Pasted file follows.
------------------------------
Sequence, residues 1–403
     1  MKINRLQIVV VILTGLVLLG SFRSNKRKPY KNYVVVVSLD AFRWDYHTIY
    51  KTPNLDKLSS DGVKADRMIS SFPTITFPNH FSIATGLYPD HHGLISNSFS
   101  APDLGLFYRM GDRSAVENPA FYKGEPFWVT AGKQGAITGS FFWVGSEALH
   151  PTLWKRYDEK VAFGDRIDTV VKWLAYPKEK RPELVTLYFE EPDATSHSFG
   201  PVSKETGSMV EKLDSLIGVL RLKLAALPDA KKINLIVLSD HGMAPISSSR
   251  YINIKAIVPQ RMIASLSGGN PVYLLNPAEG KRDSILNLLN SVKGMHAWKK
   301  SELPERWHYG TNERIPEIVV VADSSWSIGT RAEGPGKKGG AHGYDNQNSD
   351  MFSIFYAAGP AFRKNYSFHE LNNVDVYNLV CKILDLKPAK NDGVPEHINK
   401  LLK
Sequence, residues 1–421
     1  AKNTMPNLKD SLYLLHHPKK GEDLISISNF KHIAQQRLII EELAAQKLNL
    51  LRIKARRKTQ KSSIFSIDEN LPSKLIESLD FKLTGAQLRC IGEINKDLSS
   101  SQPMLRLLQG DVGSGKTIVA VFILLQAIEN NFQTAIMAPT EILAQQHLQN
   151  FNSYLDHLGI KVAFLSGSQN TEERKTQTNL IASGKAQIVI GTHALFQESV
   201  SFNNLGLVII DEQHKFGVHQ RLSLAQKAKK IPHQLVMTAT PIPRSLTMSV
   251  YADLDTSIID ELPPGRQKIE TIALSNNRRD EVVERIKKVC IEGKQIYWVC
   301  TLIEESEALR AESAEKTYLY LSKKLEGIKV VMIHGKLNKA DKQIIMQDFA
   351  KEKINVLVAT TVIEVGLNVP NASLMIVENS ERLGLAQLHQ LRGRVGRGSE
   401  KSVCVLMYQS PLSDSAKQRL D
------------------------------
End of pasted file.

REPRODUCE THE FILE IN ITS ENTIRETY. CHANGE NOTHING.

Sequence, residues 1–403
     1  MKINRLQIVV VILTGLVLLG SFRSNKRKPY KNYVVVVSLD AFRWDYHTIY
    51  KTPNLDKLSS DGVKADRMIS SFPTITFPNH FSIATGLYPD HHGLISNSFS
   101  APDLGLFYRM GDRSAVENPA FYKGEPFWVT AGKQGAITGS FFWVGSEALH
   151  PTLWKRYDEK VAFGDRIDTV VKWLAYPKEK RPELVTLYFE EPDATSHSFG
   201  PVSKETGSMV EKLDSLIGVL RLKLAALPDA KKINLIVLSD HGMAPISSSR
   251  YINIKAIVPQ RMIASLSGGN PVYLLNPAEG KRDSILNLLN SVKGMHAWKK
   301  SELPERWHYG TNERIPEIVV VADSSWSIGT RAEGPGKKGG AHGYDNQNSD
   351  MFSIFYAAGP AFRKNYSFHE LNNVDVYNLV CKILDLKPAK NDGVPEHINK
   401  LLK
Sequence, residues 1–421
     1  AKNTMPNLKD SLYLLHHPKK GEDLISISNF KHIAQQRLII EELAAQKLNL
    51  LRIKARRKTQ KSSIFSIDEN LPSKLIESLD FKLTGAQLRC IGEINKDLSS
   101  SQPMLRLLQG DVGSGKTIVA VFILLQAIEN NFQTAIMAPT EILAQQHLQN
   151  FNSYLDHLGI KVAFLSGSQN TEERKTQTNL IASGKAQIVI GTHALFQESV
   201  SFNNLGLVII DEQHKFGVHQ RLSLAQKAKK IPHQLVMTAT PIPRSLTMSV
   251  YADLDTSIID ELPPGRQKIE TIALSNNRRD EVVERIKKVC IEGKQIYWVC
   301  TLIEESEALR AESAEKTYLY LSKKLEGIKV VMIHGKLNKA DKQIIMQDFA
   351  KEKINVLVAT TVIEVGLNVP NASLMIVENS ERLGLAQLHQ LRGRVGRGSE
   401  KSVCVLMYQS PLSDSAKQRL D